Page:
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ASINAMALI! (article first published : 2004-11-27)

During the mid 1980's a critical rent strike led by community activist Msizi Dube and Pastor Mcebisi Xundu in Lamontville near Durban inspired Mbongeni Ngema to write Asinamali!. This play is now firmly entrenched in the annals of South African theatre and in the time since it was written, it has toured internationally and won numerous international awards as well as a nomination for a Tony Award for Mbongeni Ngema. Asinamali was last seen in Durban in 1996.

Launching the Playhouse Company’s festive season, the production is running in the Playhouse Drama until December 3. It stars original cast members Thami Cele, Bongani Hlophe, Makalo Brains Mofokeng, Bheki Mqadi and Bhoyi Ngema, the latter bearing a strong resemblance to his elder brother, Mbongeni. It was originally planned that Mbongeni would appear in some of the performances but he has since undergone cataract operations and his doctor has advised him against appearing in the current run.

This is sensible advice as Asinamali is a highly physical show and, some 20 years after its inception, it has lost none of its vitality and impressive dramatic energy. The storyline deals with five inmates of Leeuwkop Prison and as the play progresses, they describe the circumstances that brought them to their incarceration. It’s hard to single out any one actor as this is such a well-constructed and presented ensemble piece but individually they all shine.

Thami Cele is always a very compelling performer and a delight to watch. Bheki Mqadi runs away with most of the comedy. Tall and impressive, Makalo Mofokeng brought much emotion to his tale of disruption at his friend’s funeral. Bhoyi Ngema holds it all together with his narrative sections and Bongani Hlophe’s stuttering character was filled with much pathos.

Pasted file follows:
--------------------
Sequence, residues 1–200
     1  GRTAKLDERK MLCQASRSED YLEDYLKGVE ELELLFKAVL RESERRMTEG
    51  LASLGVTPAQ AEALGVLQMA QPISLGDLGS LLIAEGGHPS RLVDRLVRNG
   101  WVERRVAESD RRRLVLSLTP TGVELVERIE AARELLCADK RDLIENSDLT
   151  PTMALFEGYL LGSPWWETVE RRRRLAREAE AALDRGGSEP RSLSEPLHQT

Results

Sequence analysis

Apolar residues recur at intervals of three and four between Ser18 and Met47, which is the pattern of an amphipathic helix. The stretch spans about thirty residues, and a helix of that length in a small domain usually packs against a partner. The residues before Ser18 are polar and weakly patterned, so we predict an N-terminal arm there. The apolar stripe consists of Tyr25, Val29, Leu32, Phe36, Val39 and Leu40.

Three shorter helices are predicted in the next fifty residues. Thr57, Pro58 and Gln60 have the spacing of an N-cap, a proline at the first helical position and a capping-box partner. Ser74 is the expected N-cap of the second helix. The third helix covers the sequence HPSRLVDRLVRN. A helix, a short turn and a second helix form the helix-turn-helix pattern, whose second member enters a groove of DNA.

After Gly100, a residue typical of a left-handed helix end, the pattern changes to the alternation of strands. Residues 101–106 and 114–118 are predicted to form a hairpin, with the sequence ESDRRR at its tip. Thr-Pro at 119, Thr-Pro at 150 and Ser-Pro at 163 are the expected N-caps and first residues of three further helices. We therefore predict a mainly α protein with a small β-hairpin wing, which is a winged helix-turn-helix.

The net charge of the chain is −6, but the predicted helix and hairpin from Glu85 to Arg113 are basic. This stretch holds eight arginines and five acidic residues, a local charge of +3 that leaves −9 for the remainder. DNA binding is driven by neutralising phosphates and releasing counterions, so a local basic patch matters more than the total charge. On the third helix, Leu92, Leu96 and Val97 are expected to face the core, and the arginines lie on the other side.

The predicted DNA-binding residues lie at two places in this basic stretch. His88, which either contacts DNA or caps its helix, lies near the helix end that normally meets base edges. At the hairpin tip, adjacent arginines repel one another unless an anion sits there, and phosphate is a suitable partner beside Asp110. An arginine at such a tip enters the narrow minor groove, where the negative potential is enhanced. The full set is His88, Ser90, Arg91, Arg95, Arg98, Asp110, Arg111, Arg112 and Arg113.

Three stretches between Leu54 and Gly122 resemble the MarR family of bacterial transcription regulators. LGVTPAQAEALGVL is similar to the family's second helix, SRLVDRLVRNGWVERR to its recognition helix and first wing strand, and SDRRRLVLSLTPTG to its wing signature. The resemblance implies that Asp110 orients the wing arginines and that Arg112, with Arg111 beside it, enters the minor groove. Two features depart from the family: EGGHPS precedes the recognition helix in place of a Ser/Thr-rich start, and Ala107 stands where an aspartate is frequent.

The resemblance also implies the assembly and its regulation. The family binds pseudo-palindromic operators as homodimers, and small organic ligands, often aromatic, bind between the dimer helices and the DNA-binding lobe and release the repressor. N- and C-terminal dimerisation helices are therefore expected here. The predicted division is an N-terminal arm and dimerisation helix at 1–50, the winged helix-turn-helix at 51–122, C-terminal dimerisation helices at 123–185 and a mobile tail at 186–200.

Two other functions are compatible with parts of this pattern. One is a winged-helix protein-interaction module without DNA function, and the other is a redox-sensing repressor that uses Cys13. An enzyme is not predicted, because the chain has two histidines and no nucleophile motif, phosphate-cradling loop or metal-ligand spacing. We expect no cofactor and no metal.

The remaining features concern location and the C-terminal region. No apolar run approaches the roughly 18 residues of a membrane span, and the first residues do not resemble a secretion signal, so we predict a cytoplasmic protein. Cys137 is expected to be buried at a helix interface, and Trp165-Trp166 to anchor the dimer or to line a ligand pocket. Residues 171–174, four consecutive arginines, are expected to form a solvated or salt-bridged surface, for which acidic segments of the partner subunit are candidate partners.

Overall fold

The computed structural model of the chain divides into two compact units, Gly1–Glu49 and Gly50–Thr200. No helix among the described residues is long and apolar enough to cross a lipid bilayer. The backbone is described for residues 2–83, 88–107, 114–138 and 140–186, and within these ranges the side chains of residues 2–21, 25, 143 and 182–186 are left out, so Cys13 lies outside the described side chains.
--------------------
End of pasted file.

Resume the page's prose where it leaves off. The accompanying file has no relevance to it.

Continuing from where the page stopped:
One of the funniest scenes deals with Bheki’s (Bheki Mqadi) courtcase where he is frantically trying to answer questions or put his case forward while being constantly silenced by a frenetic policeman (Bongani Hlophe). Bhoyi Ngema plays the sycophantic interpreter and Thami Cele is a wonderfully crusty judge with Makalo Mofokeng giving a delicious interpretation of the court stenographer, typing away with concentration and not forgetting to pull the carriage return lever at the “ting” at the edge of the page!

There were a few problems tonight with actors talking over the laughs (and you really don’t want to miss any of the dialogue!) and not always getting into the light but these will have ironed themselves out by tomorrow’s performance.

The lighting is excellent. Several scenes are played in a single dramatic spotlight, like the ones where the inmates exchange confidences with a sympathetic sergeant on the other side of the cell door. The setting is minimal, to say the least, with five chairs set in a line and a hanging frame which is used as a window. However, they suffice and anything else would be superfluous – the main focus is on the stories and the performances. Scenes move swiftly and skilfully into each other - in fact, so much happens that it startles you occasionally to be reminded that there are only five people on stage.

At this evening’s launch, Mbongeni Ngema revealed that the play is soon to be made into an international movie, with production due to start in June, 2005, to be released at the end of the year. Therefore, the Playhouse run could be the last time Asinamali is seen on stage. So, if you haven’t seen the play yet, don’t miss it – it’s undeniably part of South African theatre history.

Performance times are: November 26 and 27 at 19h00; November 28 at 15h00; November 30* at 11h00 and December 1 to 3 at 19h00. Tickets R35 (Wednesday, Thursday and Sunday); R45 (Friday and Saturday). *The schools performance on November 30 has a radically discounted ticket price of R10 and can be booked at the Playhouse Box Office. Book now through Computicket or Dial-A-Seat on 031 369 9555. – Caroline Smart




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